Frontline staff should be trained to identify so-called parental alienation, an expert has said.
PA is when one parent undermines the role of the other by turning a child against them following a separation.
Between 2013 and 2016, the Children and Family Court Advisory and Support Service in Wales dealt with 22,670 cases involving children.
The Welsh Government said it was developing information and advice services.
Psychologist Dr Sue Whitcombe said social workers, psychologists and solicitors should receive training.
"This is a severe form of child emotional abuse when at its most severe and pure form and it needs to recognised along with those other types of child abuse," she said.
There are laws in some countries, including Mexico and Italy, which punish parents who alienate one another.
One man, who did not wish to be identified, told BBC Wales his experience of PA had been "heartbreaking".
"There's not a day goes by where I don't think of my daughter," he said.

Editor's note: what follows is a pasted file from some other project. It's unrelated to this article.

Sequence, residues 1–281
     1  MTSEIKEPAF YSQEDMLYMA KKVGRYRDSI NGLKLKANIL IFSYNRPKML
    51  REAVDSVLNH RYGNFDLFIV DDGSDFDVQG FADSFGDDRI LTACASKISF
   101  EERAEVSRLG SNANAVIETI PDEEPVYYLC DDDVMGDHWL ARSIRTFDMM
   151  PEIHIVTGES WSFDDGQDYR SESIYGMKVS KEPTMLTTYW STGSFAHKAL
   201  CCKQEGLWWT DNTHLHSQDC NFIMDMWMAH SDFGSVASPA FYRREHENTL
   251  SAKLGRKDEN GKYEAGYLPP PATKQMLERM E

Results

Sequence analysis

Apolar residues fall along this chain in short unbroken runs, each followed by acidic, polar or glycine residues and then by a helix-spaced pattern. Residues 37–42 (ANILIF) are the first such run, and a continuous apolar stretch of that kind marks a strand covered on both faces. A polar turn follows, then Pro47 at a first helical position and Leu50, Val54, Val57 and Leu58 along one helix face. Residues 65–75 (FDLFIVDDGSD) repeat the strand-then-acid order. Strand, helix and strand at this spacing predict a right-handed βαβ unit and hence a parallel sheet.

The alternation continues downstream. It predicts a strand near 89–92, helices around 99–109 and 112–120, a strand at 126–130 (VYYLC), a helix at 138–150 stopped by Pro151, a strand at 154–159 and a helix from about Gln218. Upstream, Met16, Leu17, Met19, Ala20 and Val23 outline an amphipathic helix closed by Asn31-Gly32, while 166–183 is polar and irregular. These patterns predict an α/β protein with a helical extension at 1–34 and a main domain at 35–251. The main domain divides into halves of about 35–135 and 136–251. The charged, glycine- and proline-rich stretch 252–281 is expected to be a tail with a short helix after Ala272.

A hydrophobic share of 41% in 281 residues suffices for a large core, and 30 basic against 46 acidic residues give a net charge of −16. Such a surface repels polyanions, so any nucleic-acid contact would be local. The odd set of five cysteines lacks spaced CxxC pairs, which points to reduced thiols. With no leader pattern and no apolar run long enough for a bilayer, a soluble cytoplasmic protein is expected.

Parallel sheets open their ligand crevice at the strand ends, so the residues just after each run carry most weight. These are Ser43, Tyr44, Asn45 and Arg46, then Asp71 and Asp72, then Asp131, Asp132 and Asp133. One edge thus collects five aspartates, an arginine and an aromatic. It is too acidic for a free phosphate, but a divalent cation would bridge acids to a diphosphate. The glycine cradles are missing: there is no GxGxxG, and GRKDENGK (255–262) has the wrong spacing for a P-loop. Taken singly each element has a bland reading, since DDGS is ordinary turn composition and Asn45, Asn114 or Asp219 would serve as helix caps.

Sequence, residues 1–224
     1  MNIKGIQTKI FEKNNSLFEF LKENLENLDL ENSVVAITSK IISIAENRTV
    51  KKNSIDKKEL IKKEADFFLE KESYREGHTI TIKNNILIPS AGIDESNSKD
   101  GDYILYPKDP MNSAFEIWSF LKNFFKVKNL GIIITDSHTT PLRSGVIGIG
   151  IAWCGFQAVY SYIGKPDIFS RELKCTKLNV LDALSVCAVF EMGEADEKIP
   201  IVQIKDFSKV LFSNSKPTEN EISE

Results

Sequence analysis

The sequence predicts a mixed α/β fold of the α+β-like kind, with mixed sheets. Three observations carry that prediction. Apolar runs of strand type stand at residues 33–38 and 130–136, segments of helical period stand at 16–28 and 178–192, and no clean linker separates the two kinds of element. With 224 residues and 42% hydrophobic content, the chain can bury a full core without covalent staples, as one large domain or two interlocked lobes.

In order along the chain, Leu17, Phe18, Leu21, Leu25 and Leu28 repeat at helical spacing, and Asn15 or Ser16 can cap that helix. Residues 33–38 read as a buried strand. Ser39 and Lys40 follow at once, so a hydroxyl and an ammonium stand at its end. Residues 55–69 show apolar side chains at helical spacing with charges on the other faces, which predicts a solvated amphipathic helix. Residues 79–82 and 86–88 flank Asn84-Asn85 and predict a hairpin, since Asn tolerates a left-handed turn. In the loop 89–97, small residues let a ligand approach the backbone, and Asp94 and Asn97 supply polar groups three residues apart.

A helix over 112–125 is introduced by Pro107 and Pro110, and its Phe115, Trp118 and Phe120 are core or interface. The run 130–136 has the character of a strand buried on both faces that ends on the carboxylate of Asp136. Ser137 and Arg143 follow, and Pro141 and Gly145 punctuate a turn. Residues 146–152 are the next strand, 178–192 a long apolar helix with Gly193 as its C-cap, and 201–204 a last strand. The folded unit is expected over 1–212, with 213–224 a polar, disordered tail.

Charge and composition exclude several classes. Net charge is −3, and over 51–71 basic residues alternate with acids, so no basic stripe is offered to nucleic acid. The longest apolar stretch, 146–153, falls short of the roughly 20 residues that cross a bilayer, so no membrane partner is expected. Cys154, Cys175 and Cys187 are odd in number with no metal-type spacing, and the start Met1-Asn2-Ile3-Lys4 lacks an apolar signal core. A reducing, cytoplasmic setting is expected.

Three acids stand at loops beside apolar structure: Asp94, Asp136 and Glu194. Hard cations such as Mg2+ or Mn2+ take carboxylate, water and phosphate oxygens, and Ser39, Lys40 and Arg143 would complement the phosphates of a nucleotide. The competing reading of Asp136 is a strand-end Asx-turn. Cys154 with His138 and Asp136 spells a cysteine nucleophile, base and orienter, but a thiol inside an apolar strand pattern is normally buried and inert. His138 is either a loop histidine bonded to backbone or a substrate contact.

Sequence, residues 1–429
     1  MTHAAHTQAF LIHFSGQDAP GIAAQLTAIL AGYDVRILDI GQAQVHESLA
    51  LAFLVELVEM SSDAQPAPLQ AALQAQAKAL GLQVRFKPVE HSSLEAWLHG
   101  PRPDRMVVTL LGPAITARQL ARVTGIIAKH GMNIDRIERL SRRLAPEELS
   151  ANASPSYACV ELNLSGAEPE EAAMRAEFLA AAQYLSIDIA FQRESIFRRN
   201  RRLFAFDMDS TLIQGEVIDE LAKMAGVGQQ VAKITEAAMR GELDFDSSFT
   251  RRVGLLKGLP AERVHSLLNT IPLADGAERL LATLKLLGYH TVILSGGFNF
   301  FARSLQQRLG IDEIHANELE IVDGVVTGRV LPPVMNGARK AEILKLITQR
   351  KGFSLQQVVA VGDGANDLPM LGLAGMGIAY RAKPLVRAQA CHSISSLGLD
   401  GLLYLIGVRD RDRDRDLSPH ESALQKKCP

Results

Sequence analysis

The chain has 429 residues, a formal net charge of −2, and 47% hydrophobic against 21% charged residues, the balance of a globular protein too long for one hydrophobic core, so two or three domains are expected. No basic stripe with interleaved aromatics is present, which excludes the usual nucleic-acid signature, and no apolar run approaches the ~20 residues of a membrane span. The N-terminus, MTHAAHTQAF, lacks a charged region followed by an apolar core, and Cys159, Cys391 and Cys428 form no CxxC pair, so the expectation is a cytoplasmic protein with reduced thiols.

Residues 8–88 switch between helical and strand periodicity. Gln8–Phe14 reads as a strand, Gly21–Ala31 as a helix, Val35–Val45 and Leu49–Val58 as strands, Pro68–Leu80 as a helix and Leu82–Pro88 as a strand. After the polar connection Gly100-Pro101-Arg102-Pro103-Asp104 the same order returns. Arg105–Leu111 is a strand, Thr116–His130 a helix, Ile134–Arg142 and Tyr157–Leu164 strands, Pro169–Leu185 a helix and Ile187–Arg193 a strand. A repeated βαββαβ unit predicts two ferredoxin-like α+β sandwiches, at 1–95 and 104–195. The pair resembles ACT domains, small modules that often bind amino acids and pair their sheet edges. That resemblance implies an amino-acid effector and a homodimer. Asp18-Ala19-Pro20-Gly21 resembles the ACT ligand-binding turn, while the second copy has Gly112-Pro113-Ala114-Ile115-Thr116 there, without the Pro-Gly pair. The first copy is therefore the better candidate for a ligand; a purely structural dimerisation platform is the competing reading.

"You know, I made memories with my daughter - we went to parks, ponds... We weren't one of these that stay in the house. We did everything together.
"Rather than counting down days to her birthday or anything else, something that she should be looking forward to, instead she's counting down the days she hasn't seen her father."
"It wrecks your life, it totally turns your life upside down."
An online petition calls on the Welsh Government to formally recognise PA as a type of emotional abuse of children and proposes funding for mandatory training for professionals.
A government spokesman said: "We recognise the impact parental separation can have on children and the benefit they derive from having an ongoing positive relationship with both parents, where it is safe and in their best interest.
"To support parents who are separating we are developing information and advice services to help them focus upon how they can best support their children and make arrangements that meet their long term emotional needs."